The Death Penalty has always been one of the more controversial pieces of our penal system. On some level, it hearkens back to Biblical punishments: “An eye for an eye.” Some deem it a way of providing closure for victims’ families, especially in light of our system’s parole methods, whereby a killer can sometimes eventually go free before having served an entire term (although they have to convince a board that they have learned their lesson, are sorry, have changed, etc.).
Opponents like to put up four primary arguments against it.
- First, that we know our system is flawed, and we sometimes unfortunately put innocent people in prison. And given that that is bad enough, how much worse is it to kill someone for a crime that they did not commit? This is really the most cogent argument against the death penalty, that it raises major moral and ethical dilemmas. I tend to think that we should not use it if there is the barest shadow of a doubt; in my college days, I was much more willing to to discard some innocents in the name of disposing of the truly bad ones, but I know more about the real world today. Fortunately, with DNA evidence techniques and such, we are increasingly able to toss that shadow of a doubt.
- The second standard argument is that European countries have almost to a one done away with the death penalty, and so should we, in order to become more civilized. Unfortunately, this ignores the question of why the Europeans have discarded it. I don’t think it is only because they are more “civilized” (whatever that means). I think that because of their smaller societies, different diversity of populace, language, and thought, different legal structures, and so on, that they simply have a lower incidence of such extreme violent crimes. (Statistics bear this out, from what I’ve seen.) As a result, they simply don’t have either the number or percentage of criminals involved in death penalty-level crimes, and thus perhaps less need to deal with them in extreme ways.
- Third is the claim that the death penalty is cruel and unusual punishment. Hello? The person (assuming they are actually guilty) killed someone. (In most cases. I don’t know that the death penalty is appropriate for violent or serious crimes which don't result in death or maiming.) I suppose you can argue that some of the death penalty methods (electrocution, hanging) may be more painful than others, and thus more “cruel” (but then again, some death crime methods are also more painful than others), but in the end, the criminal is getting what he or she dished out.
- The fourth — and my “favorite” &mdash argument against the death penalty is that it doesn’t work. Not that it fails to kill people, but that as a deterrent, it doesn’t work. Follow that thinking through: despite having the death penalty available as an option (in most states), people still kill, and thus the death penalty doesn’t serve to stop anyone. Do you see the fallacy in there? Let’s try it with a different violation of the law and a different penalty.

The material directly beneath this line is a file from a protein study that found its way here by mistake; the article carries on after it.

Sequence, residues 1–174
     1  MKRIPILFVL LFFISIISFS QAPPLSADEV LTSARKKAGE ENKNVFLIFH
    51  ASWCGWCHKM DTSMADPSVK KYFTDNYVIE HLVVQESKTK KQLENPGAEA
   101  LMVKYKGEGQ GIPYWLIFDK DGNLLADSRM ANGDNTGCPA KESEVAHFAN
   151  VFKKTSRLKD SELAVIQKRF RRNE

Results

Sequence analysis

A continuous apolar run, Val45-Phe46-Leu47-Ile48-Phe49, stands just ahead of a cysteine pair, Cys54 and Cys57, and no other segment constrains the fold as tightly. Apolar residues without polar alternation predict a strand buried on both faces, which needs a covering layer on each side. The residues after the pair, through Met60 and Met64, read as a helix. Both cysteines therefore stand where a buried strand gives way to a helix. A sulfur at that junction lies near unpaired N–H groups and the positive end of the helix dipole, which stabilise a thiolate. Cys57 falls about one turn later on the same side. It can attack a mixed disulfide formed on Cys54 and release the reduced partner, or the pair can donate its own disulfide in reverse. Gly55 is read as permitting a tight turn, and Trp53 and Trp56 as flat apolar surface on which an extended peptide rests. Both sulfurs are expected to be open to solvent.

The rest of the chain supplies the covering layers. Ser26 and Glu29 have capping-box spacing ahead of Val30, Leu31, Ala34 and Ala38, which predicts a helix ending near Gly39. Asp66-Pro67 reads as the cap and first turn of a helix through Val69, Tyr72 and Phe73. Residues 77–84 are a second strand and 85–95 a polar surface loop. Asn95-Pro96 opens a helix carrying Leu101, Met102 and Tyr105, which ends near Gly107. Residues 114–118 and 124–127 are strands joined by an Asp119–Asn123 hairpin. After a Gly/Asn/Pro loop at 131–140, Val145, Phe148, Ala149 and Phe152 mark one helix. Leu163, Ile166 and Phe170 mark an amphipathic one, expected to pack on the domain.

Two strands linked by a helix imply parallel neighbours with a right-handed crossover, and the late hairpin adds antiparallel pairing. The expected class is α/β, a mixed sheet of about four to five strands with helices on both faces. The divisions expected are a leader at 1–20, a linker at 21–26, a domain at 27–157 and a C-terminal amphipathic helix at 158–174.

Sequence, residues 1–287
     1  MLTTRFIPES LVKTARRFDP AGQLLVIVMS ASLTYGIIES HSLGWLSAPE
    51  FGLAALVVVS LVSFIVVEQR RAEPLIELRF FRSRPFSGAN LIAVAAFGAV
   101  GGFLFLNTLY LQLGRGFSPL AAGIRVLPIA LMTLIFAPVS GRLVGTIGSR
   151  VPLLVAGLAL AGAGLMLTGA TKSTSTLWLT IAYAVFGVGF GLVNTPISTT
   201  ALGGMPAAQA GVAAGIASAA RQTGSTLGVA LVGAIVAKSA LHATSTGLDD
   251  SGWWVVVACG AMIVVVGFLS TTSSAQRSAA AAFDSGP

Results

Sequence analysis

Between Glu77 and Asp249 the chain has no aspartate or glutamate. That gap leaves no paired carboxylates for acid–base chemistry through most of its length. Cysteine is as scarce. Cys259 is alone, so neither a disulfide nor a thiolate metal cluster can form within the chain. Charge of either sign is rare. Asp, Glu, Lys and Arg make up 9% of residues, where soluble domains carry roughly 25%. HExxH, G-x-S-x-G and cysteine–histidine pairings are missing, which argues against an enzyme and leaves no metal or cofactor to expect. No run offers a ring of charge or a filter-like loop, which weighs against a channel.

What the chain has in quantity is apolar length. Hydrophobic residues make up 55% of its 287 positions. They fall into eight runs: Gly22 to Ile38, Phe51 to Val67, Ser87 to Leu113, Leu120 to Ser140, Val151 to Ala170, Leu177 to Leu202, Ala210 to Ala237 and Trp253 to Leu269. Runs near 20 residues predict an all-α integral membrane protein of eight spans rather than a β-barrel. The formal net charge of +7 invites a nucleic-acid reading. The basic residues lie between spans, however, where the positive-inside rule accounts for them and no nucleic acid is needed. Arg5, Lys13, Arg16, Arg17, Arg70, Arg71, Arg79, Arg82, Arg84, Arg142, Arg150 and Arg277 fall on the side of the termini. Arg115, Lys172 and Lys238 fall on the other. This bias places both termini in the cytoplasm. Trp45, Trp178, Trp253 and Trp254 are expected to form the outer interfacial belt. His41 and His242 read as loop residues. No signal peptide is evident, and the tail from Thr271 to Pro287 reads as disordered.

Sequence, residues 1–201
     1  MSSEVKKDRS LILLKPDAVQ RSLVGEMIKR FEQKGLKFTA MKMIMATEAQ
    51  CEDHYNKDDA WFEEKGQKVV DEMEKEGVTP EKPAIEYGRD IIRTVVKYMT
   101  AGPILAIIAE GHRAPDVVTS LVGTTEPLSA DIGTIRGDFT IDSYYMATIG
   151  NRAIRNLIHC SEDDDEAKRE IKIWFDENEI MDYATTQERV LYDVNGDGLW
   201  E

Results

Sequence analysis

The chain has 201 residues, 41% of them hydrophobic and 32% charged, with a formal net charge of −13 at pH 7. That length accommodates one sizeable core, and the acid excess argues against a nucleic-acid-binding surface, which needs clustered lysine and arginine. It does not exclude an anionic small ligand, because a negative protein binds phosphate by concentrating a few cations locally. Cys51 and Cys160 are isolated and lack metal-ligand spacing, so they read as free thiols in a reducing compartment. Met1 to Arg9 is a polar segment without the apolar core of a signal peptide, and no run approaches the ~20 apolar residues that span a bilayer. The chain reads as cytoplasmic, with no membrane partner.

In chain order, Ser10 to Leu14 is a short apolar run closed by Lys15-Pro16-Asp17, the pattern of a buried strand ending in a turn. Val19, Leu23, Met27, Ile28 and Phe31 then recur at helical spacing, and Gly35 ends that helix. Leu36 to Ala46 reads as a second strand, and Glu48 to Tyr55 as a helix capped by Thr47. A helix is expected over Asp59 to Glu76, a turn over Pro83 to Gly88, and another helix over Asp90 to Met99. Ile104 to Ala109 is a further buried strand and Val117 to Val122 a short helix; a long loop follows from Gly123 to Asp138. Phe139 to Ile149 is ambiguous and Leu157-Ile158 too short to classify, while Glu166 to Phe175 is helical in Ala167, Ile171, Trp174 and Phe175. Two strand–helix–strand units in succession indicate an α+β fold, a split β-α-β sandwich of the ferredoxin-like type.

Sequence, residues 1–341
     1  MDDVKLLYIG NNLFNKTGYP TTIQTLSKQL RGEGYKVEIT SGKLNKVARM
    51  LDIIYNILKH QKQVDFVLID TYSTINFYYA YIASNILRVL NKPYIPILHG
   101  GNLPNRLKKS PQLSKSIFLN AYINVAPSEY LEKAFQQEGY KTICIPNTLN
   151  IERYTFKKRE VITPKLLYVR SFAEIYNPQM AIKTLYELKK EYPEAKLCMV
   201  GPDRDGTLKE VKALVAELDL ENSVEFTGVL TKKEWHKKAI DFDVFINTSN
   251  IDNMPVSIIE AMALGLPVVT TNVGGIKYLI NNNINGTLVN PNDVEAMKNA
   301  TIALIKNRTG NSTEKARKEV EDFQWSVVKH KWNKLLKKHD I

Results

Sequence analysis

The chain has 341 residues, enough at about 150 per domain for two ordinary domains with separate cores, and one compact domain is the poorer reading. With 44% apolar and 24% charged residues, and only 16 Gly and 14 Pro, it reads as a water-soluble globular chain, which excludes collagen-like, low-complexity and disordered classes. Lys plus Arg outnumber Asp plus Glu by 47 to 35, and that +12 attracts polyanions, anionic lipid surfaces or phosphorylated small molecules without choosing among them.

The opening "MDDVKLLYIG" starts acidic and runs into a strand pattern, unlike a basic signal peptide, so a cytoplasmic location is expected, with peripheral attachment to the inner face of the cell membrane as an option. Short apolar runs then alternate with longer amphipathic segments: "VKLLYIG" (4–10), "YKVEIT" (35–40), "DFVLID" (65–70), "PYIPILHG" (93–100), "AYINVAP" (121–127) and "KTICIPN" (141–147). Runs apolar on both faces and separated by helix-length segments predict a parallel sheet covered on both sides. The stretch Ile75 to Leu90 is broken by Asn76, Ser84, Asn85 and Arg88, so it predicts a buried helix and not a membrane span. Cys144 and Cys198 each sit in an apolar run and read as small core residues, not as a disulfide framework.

There is a fine associated with automobile speeding. The more you speed, the higher the fine, and it may be increased further in construction zones, school zones, and under other circumstances. But people still speed, don’t they? Does that mean that the deterrent of the fine doesn’t work, that the existence of the fine doesn’t stop speeding? What if the fines were ten times as high: speed and you face a $2000 fine. Would that stop speeding altogether? No. What if the penalty was the extreme: death. Would no one ever speed again? Heck no. What you would find is most people would pay really close attention to their speedometer, and a heck of a lot of people would abandon their cars completely, to prevent the accident. A small minority would still speed, most of them probably only a little (like many of us do now, 3-5 miles over the speed limit), with the expectation that they would not get caught, or they would be able to legally wrangle themselves out of the extreme punishment. But so long as there were cars and speed limits, people would do it, no matter what the penalty.
So then we’re left with the much dicier question: given that the death penalty presumably does act as a deterrent, for some people and in some cases, can we measure how good a job it does? (I suppose we could try to find similar populations in states which do and do not have the penalty and compare violent crime rates, but I suspect that the cognizance of “There’s no death penalty in this state, they can’t kill me for this crime” really doesn’t enter into things to the degree that “The death penalty means I could get killed for this crime” does. Even if a given state doesn’t have the penalty, the thought probably is that the country as a whole does, and that’s sufficient.) And the parallel question: is it possible to shift the way our system operates so that the deterrent of the death penalty is more effective, such that people will both be aware of it and won’t believe that they can get off with a lesser penalty for the crime.
Needless to say, I don’t have an answer for these. So I’ll just settle for recognizing that the argument that the death penalty isn’t a deterrent is flawed and doing my best to make sure the opponents of it are aware of that. In my experience, on many social issues, neither proponents nor opponents have genuinely thought through their support/opposition to it; rather, they just parrot a simplistic phrase about the subject that they got from someone else, someone who had an agenda to conflate a deterrent which isn’t 100% effective to one which isn’t effective at all, or someone who is just over the top with regard to punishment in general.
Updated on October 26, 2010